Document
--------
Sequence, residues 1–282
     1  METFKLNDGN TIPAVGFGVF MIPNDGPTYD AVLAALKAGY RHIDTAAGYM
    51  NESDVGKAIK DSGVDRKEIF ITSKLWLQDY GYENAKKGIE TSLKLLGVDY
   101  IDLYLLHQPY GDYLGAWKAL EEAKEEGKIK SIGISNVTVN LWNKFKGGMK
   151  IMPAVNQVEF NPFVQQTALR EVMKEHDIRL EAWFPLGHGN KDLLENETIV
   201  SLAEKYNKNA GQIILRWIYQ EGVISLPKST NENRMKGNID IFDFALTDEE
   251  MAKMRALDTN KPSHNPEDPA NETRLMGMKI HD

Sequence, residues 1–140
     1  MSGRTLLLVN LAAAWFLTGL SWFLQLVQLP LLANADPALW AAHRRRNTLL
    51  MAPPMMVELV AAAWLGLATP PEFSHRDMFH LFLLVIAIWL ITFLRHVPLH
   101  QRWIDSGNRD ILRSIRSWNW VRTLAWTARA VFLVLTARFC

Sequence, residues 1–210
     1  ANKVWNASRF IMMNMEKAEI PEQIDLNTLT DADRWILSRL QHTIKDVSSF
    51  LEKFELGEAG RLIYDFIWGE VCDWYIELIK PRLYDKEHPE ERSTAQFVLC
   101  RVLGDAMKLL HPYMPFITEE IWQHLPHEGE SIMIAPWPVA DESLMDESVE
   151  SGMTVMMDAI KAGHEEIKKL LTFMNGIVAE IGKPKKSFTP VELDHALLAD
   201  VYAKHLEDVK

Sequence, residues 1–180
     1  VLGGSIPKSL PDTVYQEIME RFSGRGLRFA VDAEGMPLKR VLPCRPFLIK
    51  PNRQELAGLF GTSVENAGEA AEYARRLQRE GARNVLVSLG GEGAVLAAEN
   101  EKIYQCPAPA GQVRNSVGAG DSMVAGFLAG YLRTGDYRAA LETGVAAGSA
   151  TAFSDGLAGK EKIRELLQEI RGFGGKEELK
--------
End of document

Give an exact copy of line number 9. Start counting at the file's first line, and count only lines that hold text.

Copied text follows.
     1  MSGRTLLLVN LAAAWFLTGL SWFLQLVQLP LLANADPALW AAHRRRNTLL